Landscape mode works, portrait mode is better.
Before the school year started, while planning my schedule, I knew I wanted to include some sort of art class. I've always loved architecture, design and building with wood (or any other medium for that matter), but in order to design such things and get them to a point where they can become a reality, one needs to know how to draw, and put those ideas down on paper. This class seemed like the appropriate way to advance my drawing skills while pulling everything else along. It certainly has done so.
ELEMENTS OF DRAWING
The positive and negative space drawing was one of my favorite projects. When we look at something, or think about drawing something, we often concentrate on its outline. Although that is important, negative space and the empty spots surrounding an object are very important as well.
By drawing the spaces between the slats at the top of the chair, it popped right out.
This is one of the pieces I'm quite proud of value, texture, and form wise. I think I got the darker darks lighter lights thing right. The wood grain in the top box makes me really happy whenever I look at it. The shapes are all correct too... the wheel I was very happy with.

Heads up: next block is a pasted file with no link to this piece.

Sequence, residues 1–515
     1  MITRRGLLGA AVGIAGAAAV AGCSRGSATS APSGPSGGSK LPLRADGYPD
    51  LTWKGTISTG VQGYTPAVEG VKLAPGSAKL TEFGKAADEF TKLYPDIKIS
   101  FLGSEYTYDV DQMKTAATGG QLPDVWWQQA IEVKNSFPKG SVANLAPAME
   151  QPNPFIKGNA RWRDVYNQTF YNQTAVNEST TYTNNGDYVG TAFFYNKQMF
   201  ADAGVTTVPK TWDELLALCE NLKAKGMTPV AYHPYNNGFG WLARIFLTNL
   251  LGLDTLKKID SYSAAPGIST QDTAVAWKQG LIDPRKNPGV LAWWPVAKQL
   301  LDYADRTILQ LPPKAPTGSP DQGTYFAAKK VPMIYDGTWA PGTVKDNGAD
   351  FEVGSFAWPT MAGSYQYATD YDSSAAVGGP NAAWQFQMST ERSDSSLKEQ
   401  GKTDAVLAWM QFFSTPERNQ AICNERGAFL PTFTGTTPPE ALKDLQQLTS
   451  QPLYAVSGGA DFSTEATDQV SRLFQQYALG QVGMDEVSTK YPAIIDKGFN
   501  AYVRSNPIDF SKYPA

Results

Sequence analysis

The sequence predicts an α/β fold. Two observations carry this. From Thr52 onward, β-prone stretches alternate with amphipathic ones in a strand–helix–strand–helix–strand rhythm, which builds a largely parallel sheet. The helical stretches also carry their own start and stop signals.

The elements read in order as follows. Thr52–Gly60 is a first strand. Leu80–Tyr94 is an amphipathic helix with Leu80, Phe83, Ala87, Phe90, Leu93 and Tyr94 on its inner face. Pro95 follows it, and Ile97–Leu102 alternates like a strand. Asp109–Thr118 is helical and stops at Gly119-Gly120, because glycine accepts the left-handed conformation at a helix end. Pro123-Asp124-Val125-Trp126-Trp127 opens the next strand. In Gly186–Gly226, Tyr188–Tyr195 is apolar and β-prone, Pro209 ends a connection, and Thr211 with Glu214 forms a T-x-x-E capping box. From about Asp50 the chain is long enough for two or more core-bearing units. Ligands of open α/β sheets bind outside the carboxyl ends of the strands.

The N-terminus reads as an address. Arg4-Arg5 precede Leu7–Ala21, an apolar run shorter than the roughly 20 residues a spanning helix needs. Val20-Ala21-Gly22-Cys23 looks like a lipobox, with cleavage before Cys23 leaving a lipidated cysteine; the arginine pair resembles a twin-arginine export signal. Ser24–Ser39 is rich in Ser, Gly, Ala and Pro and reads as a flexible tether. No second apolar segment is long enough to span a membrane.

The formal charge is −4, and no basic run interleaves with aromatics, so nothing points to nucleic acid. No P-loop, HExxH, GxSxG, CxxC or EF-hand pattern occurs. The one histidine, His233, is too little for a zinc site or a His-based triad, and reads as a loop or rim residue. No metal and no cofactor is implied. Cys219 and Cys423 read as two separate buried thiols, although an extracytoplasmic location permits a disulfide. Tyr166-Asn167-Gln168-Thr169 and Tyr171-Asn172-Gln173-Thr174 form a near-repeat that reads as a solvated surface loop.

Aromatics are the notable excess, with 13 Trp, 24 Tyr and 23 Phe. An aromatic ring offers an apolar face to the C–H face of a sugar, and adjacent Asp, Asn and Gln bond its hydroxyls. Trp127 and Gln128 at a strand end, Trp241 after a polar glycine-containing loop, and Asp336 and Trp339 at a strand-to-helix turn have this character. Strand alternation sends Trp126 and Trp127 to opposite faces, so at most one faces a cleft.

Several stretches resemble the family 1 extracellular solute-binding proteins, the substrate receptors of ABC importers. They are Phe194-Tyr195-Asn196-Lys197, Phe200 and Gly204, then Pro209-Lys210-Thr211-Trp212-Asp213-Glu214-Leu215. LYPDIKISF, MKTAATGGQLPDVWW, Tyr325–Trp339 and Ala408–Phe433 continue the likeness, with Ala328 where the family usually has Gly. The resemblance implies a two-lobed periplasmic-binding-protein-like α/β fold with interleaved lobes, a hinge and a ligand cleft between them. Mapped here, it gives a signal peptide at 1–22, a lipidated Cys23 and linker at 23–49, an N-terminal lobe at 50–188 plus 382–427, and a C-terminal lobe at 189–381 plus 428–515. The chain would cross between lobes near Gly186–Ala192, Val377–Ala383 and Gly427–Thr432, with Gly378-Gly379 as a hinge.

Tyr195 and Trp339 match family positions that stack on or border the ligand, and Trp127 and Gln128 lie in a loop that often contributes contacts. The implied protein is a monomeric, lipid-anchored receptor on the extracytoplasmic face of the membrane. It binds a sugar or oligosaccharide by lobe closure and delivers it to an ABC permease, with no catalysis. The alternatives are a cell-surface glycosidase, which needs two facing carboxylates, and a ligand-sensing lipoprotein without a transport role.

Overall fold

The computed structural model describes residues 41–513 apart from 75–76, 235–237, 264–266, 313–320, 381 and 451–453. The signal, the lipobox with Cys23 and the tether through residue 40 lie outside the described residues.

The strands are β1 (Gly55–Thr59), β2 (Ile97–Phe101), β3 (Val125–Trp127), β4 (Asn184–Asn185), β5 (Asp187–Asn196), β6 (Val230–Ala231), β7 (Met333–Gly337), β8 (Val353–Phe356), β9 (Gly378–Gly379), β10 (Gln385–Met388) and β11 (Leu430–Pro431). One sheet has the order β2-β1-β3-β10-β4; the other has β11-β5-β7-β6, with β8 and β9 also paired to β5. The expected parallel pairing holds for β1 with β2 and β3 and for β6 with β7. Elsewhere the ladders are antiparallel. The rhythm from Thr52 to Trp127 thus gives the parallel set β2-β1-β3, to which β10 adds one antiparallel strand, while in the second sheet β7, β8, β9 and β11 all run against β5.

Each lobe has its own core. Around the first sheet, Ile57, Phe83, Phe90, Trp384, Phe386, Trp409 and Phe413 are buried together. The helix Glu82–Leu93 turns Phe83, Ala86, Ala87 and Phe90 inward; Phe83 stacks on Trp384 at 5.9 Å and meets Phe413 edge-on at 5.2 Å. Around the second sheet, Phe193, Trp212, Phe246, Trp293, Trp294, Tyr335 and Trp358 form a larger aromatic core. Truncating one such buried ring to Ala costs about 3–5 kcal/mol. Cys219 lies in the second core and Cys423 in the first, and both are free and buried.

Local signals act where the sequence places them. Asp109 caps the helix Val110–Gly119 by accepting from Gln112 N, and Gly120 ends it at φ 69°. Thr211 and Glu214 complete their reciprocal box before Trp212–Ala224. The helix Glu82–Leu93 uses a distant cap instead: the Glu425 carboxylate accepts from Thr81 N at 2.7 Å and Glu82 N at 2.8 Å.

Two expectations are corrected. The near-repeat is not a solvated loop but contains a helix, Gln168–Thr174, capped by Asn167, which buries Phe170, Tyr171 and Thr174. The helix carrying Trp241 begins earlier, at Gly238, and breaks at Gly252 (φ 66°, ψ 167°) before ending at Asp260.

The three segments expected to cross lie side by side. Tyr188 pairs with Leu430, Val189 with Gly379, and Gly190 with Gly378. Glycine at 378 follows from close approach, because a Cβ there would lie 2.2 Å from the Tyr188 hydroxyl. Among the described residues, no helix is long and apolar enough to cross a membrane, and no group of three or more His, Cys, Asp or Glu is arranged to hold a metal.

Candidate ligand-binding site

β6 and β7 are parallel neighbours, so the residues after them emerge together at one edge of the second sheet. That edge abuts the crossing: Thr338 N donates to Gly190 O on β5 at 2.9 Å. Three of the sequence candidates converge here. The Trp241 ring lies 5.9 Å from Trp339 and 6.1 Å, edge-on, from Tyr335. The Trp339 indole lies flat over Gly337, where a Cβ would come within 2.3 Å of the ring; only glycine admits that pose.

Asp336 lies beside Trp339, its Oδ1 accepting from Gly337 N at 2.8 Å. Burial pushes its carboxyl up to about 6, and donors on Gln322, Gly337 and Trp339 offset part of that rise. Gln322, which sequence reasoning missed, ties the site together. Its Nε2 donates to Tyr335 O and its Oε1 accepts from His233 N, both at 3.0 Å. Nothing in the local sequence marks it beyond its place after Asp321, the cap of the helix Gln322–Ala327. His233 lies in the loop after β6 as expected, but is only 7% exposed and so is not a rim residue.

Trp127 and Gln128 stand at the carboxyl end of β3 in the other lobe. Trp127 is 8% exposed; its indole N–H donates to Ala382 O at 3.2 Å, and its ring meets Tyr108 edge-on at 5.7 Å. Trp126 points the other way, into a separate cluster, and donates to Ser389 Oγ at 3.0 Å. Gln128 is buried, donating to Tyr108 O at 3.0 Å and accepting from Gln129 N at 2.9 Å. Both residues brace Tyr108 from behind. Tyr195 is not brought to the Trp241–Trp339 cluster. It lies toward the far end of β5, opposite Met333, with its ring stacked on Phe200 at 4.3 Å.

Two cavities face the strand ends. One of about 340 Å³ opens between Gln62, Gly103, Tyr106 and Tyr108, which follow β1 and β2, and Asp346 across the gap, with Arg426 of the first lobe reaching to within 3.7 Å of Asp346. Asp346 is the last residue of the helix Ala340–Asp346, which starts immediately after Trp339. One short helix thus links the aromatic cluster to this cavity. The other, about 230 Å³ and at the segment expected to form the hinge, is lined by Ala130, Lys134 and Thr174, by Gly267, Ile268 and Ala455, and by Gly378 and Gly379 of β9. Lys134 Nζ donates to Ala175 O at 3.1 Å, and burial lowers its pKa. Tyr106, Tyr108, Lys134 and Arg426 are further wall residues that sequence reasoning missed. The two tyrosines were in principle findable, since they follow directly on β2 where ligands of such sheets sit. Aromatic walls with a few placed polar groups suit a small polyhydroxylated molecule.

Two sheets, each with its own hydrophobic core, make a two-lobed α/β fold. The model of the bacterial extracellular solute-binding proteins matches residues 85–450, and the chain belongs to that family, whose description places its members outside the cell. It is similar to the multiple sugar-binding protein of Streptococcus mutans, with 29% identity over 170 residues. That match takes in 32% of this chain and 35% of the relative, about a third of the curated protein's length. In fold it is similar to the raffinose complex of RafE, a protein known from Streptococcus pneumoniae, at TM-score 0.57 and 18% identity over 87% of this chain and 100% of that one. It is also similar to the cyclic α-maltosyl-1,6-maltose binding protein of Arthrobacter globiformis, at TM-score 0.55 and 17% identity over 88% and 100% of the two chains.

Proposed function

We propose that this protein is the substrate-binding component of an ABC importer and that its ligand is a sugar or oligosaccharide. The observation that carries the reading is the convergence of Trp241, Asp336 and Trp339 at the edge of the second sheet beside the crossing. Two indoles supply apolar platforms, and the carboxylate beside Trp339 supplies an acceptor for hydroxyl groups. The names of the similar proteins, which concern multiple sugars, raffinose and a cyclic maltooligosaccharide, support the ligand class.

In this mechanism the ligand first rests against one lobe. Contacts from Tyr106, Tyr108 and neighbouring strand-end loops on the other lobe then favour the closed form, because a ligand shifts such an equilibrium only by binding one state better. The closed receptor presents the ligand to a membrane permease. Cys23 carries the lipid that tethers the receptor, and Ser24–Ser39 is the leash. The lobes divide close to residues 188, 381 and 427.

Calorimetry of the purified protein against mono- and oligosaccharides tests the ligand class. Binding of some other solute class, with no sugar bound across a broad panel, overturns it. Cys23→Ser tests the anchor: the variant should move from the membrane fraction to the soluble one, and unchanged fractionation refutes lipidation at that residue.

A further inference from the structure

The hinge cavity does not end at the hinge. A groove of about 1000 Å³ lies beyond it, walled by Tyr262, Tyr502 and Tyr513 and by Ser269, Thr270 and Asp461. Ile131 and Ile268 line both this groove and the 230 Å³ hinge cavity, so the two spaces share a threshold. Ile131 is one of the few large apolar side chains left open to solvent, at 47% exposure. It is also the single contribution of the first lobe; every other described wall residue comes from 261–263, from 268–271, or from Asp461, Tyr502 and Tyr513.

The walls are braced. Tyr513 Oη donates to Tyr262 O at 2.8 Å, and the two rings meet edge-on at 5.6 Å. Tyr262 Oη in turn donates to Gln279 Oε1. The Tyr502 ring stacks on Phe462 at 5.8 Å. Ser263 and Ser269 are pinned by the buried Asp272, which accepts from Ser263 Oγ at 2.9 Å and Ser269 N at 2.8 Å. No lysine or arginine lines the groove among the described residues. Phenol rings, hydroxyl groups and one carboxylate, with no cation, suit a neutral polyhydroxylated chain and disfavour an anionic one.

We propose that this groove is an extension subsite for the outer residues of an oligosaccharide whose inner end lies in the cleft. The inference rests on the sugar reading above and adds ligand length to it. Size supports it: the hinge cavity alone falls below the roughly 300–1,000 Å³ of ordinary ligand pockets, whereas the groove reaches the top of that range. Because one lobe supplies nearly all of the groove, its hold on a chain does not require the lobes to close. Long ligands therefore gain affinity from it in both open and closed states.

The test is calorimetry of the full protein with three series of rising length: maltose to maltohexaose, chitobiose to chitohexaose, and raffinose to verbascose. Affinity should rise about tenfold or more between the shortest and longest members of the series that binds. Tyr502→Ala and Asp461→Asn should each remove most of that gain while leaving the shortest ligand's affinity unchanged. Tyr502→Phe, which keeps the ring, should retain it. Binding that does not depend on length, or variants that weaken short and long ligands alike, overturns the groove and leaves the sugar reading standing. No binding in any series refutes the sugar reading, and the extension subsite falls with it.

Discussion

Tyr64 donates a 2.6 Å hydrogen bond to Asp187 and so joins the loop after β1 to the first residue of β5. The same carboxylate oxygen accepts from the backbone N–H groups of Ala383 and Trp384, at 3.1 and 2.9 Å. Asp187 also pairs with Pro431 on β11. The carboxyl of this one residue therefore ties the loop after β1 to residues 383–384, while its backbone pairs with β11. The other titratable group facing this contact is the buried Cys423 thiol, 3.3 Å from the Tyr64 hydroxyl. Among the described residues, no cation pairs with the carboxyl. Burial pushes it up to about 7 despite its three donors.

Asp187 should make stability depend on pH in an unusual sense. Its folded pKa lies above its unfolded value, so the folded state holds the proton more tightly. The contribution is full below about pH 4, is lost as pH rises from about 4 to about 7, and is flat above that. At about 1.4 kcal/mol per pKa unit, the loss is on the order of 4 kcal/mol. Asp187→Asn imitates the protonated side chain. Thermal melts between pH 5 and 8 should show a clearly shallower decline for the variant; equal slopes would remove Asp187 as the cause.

2 POINT PERSPECTIVE
Before we started this piece, we talked about the definition of horizon, vanishing point, horizontal and vertical lines, and 2 and 1 point perspectives. This is a 2 point perspective piece, because it has 2 vanishing points. The horizon is the line where your view ends, and the vanishing point rests on that line. In this piece, they are both off the page. Horizontal lines, like the ones that make up the door handle and the tiles, run from side to side, and depending on the surface they're on, connect to the left of right vanishing points. Vertical lines are those that go up and down, like the left side of the door, or the sides of the columns. With a little planning, a piece like this is not hard to create.
Before starting on our self-portraits, we talked about the placement and drawing of eyes, ears, nose, and mouth. Eyes halfway, (eye-width inbetween) nose, nostril edges lined up with eye corners, ears right below eyes, and mouth half way between nose and chin. These have to be followed, or your piece just looks wrong. Now, while looking at the picture and the drawing side by side, I think that one of the things that is wrong is the eyes. They're shaped wrong... too round. They should be more tear-dropped shape. I think they're also a little too small. The parts I like are the neck, chin, and mouth. I also think the ears turned out nicely. The improvement in that first picture is pretty crazy.